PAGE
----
My Heart Belongs to Daddy

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"My Heart Belongs to Daddy" is a song written by Cole Porter, for the 1938 musical Leave It to Me! which premiered on Nov 9, 1938. It was originally performed by Mary Martin who played Dolly Winslow, the young "protégée" of a rich newspaper publisher.[1]

In the original context, Dolly is stranded at a Siberian railway station, wearing only a fur coat, and performs a striptease while singing the song. Surrounded by eager Siberian men, she says that since she has met "daddy", she will flirt with other men, but won't "follow through". "Daddy" is her sugar daddy, a newspaper magnate introduced with the words, "I've come to care, for such a sweet millionaire".

Later versions[edit]

Martin sang it again in the 1940 movie Love Thy Neighbor. Again she wears a fur coat, but the setting is a show within a show and the act is more conventional as she wears an evening gown beneath the fur. The words to the introduction are altered, the innuendoes being toned down. Her best-known movie performance is in the 1946 Cole Porter biopic Night and Day in which she plays herself. The film recreates Martin's audition then segues into her performance in the original Siberian context. She again performs the striptease, discarding her muff and then the fur coat, while mustashioed Siberian men follow her every move, eventually fainting when she removes her coat to reveal a skimpy figure-hugging costume beneath.[2]

In Britain, the song was a hit for Pat Kirkwood who performed it in the 1938 revue Black Velvet. This led to her being dubbed "Britain's first wartime star".[3] The song was thereafter associated with her.[4]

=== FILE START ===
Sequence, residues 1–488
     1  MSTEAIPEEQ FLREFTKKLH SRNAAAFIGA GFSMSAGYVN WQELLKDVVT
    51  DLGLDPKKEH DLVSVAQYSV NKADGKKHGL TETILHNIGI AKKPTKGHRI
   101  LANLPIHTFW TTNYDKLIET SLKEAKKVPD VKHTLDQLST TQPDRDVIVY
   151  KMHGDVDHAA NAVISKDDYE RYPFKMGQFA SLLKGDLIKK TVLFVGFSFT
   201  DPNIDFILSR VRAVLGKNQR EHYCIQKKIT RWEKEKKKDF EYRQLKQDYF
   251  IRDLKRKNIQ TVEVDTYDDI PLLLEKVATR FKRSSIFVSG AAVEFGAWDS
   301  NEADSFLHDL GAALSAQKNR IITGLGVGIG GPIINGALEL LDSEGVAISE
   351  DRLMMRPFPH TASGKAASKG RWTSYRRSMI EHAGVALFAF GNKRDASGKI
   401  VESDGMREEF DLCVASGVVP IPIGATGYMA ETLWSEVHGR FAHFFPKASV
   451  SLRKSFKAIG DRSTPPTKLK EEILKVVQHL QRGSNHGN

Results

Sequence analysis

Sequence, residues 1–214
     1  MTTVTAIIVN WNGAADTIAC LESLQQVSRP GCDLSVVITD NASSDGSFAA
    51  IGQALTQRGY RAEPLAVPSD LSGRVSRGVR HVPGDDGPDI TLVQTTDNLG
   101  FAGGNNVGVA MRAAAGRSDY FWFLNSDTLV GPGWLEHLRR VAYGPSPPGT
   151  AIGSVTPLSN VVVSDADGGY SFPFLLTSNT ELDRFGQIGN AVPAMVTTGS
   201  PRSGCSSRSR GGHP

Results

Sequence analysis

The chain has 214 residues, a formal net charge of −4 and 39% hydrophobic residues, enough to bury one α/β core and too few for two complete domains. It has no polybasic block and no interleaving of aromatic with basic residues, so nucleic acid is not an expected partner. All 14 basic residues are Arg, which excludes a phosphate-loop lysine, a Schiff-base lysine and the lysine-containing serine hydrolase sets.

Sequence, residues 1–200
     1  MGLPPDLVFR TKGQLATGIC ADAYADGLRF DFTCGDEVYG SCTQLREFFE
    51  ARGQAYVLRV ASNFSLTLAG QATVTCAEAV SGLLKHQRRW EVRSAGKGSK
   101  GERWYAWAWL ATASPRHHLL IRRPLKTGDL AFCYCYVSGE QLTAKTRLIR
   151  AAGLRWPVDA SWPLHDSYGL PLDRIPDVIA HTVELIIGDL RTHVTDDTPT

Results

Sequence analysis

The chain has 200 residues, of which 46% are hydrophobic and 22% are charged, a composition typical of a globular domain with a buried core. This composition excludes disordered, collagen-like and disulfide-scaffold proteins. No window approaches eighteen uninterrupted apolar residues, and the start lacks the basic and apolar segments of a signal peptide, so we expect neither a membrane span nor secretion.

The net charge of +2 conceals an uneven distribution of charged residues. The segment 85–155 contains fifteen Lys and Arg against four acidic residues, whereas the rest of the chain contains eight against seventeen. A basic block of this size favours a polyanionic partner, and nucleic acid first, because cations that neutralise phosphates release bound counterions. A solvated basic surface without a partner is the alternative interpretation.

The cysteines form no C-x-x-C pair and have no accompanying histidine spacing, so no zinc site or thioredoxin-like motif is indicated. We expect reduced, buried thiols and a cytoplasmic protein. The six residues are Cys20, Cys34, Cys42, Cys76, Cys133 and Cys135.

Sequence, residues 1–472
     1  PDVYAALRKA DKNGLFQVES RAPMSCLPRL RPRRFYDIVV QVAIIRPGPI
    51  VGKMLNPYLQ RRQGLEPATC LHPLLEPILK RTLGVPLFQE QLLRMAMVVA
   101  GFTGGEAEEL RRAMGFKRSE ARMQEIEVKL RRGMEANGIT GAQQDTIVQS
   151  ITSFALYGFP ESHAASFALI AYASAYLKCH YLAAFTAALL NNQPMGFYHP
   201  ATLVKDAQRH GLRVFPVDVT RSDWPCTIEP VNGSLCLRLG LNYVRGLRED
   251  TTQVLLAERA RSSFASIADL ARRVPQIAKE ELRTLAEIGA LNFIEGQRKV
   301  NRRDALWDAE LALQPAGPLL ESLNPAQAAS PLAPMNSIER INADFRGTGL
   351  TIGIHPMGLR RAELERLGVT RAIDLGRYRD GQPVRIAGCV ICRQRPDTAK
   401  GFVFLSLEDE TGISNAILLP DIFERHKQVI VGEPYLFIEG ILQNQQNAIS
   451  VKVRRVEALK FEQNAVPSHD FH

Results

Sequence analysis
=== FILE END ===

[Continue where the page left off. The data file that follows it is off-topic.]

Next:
Marilyn Monroe sings the song in the film Let's Make Love (1960). The introduction is completely changed. She introduces herself as "Lolita", who is not allowed to "play with boys". A verse is added in which she invites a boy "to cook up a fine enchilada". The lines do not conform to the rhyme scheme of the rest of the song, but have been used by many other performers since. Anna Nicole Smith recorded a virtual copy of the Monroe version in 1997.

Lyrical and musical features[edit]

Rhyming with "daddy" is difficult but Porter characteristically managed it well.[5] One clever rhyme is

Finnan haddie is smoked fish, and this is one of many innuendoes which appear throughout the song. Sophie Tucker famously advised Mary Martin to deliver such sexy lines while looking towards heaven. Mary Martin's stage persona was quite innocent and so the contrast between her naive manner and the suggestive lyrics accompanied by the provocative striptease made her performance a huge success.[6] Brooks Atkinson, the critic of the New York Times, wrote that Martin's "mock innocence makes My Heart Belongs to Daddy the bawdy ballad of the season".[7]

The original version contains four verses, all of which play on idiosyncratic rhymes with "daddy". The first refers to a game of golf during which she might "make a play for the caddy". The second is about the finnan haddie. The third tells of wearing green with a "Paddy" on St Patrick's day. The final verse is about a varsity football match where one might meet a "strong under-graddy". In the original version she ends up saying that her daddy might "spank" her if she was "bad".

Referring to the melody, especially the passage of "da da da da"s, Oscar Levant described it as "one of the most Yiddish tunes ever written" despite the fact that "Cole Porter's genetic background was completely alien to any Jewishness."[8]

Notable recordings[edit]

Notes[edit]

  1. ^ Inc, Time (Dec 19, 1938), "Mary Martin is Broadway's newest song star", LIFE: 29 
  2. ^ Roy Hemming (March 1999), The melody lingers on: the great songwriters and their movie musicals, ISBN 978-1-55704-380-1 
  3. ^ Actress Pat Kirkwood dies at 86, BBC, 2007-12-26, retrieved 2010-05-19 
  4. ^ Colin Larkin (1995), The Guinness Encyclopedia of Popular Music, p. 2328, ISBN 978-0-85112-662-3 
  5. ^ Pamela Phillips Oland (2001-06-01), The art of writing great lyrics, p. 50, ISBN 978-1-58115-093-3 
  6. ^ Ethan Mordden (1988-06-23), Broadway Babies: The People Who Made the American Musical, p. 220, ISBN 978-0-19-505425-5 
  7. ^ Ronald L. Davis, Mary Martin, Broadway legend, University of Oklahoma Press, 2008, p.42.
  8. ^ Oscar Levant, The Unimportance of Being Oscar, Pocket Books 1969 (reprint of G.P. Putnam 1968), p. 32. ISBN 0-671-77104-3.
  9. ^ Marc Shell (2005-06-15), Stutter, p. 292, ISBN 978-0-674-01937-9